Many people have a love-hate relationship with buzzwords, the bits and pieces of jargon that seem to float around serving a purpose in some conversations and creating filler in others.
However, having a grasp on the current vocabulary and the popular trends and ideas in one’s professional field is necessary. Buzzwords aren’t always empty jargon; they offer a snapshot of how people are thinking and what issues are important at a given time. As Stanford Center on Philanthropy and Civil Society researcher Lucy Bernholz points out, these words not only represent current events, but they can also forecast trends in ideas and practices within a field. This is especially true for the philanthropy sector.
Here is a selection of 10 buzzwords and phrases that have recently become popular in philanthropy circles:
1. Overhead myth
A longstanding practice in the nonprofit sector is to evaluate an organization based on its overhead and cost ratios. “Overhead myth” is a term that refers to the false idea that a charity’s effectiveness is always reflected by low administrative costs. In the past, some charity and philanthropy watchdog groups have perpetuated this myth. Those who see the overhead myth as such understand that measuring effectiveness requires a broader, more holistic view—not simply number crunching.
2. –for good
In 2001, the website Network for Good launched online as a platform for connecting philanthropists and nonprofits by processing their charitable donations. The phrase “for good” has since evolved into a mainstay of the philanthropic vocabulary, as it can be appended to the names of goods, services, and even groups of people to describe something with a charitable, humanitarian, or philanthropic purpose (e.g., social media for good, search engines for good, coders for good).
In the traditional sense, the verb “iterate” means to act or say something repeatedly, over and over. Iterate as a philanthropic buzzword, however, usually refers to the common process of starting with a modest pilot program and building upon the trial run. Repetition is still a factor, but each iteration should in some way outsize or improve upon the previous attempt.
The term “artivists” is a combination of “artist” and “activist,” but the aim of this hybrid is to achieve big results. Around the world, artivists are leveraging their preferred media forms—from painting to sculpture to road-side public art installations—in order to influence public policy and advocate for change. Displays of these pieces of art generally involve protests in some way.
5. Smart cities
Technology has enabled cities around the world to collect data in countless ways, from cameras and sensors to energy meters and tollgate passes. This ever-increasing pool of information—also enabled by the Internet of Things—fuels the concept of smart cities. In the ideal smart city, decision-makers use this data to identify problems and find intelligent solutions for municipal services and functions, such as public transportation, water resource management, and law enforcement. In this way, residents’ quality of life can be greatly improved.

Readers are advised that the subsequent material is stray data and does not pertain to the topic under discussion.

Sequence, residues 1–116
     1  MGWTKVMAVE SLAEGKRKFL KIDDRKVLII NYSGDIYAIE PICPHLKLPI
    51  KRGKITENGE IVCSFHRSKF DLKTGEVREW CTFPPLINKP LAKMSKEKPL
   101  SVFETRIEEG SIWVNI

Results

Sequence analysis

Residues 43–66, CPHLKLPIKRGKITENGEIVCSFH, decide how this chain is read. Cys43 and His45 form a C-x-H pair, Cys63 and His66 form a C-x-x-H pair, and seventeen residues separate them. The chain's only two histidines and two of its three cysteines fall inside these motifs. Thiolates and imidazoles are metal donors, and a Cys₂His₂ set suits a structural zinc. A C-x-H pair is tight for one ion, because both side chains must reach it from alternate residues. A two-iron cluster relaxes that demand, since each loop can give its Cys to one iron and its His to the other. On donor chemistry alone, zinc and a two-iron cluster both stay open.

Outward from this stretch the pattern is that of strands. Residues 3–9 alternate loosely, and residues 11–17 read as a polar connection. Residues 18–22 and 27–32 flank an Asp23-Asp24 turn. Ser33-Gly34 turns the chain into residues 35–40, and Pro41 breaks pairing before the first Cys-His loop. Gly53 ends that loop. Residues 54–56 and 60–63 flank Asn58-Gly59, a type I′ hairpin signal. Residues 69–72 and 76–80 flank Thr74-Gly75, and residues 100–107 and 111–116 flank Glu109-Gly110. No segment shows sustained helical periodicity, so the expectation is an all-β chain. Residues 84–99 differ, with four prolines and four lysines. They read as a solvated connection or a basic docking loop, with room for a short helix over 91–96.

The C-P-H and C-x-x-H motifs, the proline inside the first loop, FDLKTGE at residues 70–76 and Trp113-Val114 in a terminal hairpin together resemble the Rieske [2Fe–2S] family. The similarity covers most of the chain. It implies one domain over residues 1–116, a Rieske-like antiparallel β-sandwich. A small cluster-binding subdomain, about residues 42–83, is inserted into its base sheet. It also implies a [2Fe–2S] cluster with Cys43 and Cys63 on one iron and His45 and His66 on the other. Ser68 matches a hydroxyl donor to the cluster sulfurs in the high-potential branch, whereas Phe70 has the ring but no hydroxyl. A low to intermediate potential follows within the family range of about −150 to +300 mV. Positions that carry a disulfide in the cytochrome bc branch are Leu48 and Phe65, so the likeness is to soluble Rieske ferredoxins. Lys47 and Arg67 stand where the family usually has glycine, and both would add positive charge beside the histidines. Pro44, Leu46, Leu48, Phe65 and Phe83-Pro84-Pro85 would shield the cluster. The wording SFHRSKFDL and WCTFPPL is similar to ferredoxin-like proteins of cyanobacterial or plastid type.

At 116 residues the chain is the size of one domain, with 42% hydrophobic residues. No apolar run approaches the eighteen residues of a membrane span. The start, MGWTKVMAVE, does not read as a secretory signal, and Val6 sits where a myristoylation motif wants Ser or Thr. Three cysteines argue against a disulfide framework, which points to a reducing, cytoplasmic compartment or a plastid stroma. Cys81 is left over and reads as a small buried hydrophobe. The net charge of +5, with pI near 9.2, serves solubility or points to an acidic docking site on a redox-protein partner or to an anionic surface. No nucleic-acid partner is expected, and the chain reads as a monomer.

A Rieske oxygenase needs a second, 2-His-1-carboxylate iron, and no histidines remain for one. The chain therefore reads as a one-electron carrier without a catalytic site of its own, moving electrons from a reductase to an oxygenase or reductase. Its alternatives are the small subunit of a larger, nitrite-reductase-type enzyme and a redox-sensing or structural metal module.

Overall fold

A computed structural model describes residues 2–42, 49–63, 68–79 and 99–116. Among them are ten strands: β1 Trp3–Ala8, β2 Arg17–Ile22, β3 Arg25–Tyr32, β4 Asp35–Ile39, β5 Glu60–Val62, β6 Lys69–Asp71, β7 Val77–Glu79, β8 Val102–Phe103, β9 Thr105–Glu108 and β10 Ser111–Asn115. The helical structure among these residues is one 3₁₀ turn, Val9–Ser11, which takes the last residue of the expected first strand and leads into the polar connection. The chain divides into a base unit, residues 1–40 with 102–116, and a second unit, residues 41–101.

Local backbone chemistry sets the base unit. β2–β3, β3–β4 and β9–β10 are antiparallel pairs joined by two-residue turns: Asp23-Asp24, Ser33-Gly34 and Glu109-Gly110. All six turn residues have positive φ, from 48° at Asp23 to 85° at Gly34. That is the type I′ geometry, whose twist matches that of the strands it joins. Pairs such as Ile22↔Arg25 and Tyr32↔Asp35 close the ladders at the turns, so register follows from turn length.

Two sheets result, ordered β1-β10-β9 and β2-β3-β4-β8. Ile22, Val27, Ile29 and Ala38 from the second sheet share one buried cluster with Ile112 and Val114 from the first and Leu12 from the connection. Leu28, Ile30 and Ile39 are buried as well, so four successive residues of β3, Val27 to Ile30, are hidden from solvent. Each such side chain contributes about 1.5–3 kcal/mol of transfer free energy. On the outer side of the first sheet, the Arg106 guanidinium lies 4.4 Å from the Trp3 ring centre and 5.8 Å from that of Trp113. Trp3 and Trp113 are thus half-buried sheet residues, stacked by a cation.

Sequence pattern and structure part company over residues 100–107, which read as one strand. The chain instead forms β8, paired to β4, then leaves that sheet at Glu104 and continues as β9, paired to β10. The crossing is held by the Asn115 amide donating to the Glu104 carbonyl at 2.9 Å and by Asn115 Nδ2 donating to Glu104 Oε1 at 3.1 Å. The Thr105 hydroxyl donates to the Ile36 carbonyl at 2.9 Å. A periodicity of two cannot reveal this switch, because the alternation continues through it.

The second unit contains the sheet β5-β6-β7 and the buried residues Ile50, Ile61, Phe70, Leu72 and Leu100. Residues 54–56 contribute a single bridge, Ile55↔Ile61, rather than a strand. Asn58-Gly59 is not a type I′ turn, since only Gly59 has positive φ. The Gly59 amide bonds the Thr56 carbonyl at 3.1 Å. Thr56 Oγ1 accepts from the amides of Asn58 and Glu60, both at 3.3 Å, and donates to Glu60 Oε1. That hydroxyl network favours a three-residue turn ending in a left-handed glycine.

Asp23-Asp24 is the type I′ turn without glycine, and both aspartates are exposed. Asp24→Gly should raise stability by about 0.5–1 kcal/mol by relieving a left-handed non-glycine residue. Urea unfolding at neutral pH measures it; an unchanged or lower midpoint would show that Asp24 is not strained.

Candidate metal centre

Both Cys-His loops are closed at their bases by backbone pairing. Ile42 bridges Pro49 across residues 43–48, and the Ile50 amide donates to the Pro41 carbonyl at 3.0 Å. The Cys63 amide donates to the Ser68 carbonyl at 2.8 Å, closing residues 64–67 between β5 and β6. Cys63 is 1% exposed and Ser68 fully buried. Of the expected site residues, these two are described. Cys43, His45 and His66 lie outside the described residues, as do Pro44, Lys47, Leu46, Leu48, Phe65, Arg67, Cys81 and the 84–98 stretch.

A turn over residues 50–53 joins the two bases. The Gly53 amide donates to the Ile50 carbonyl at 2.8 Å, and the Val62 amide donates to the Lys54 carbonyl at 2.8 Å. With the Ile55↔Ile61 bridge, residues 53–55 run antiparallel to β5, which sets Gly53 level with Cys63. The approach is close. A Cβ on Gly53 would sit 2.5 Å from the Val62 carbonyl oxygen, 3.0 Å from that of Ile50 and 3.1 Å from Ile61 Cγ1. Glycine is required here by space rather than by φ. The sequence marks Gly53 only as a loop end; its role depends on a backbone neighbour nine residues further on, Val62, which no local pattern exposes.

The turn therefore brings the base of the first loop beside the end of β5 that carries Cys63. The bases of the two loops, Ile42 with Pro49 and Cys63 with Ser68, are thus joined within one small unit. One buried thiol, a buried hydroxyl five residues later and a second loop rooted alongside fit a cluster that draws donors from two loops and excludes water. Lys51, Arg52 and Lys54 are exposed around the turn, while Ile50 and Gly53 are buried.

Algorithms are nothing new, of course, but organizations are increasingly beginning to think about the particular algorithms that they use to analyze information and generate insights from raw data. What biases are reflected in an algorithm? What do they actually interpret? What is left out? The growing focus on algorithms indicates that people are starting to think beyond data, to consider how that data should be assessed to produce the facts they rely on.
The buzzword “X-risks” is an abbreviation for “existential risks,” a term that encompasses the list of possible crises that could affect humanity as a whole. Such issues range from climate change to pandemics to unchecked artificial intelligence, and each calls for plans for response and mitigation. Philanthropists are increasingly focusing their attention and resources on these X-risks.
8. Platform co-operativism
Shared services, a concept that underlies such businesses as Uber and Airbnb, is re-emerging in the nonprofit sector under the name of platform co-operativism. This model takes advantage of the growing peer-to-peer economy in which goods and services, technology-based or otherwise, are owned collectively. Several implications for the future of the economy exist in this framework, making it an important term to grasp.
Wearables refers to the category of wearable devices that are connected to the Internet and have data collection capacities. These include fitness monitors, such as FitBit. Some philanthropic organizations have incorporated wearables into their fundraising efforts—for example, by encouraging supporters to track their steps taken and miles run for fundraising contests.
10. Worm wars
The buzzword “worm wars” entered the philanthropy vernacular with the help of the media. The term references the tension that sometimes exists between scientists and nonprofits over methodologies for pursuing social change. The name stems from the arguments that arose regarding the validity of various research studies on deworming programs for children in Africa.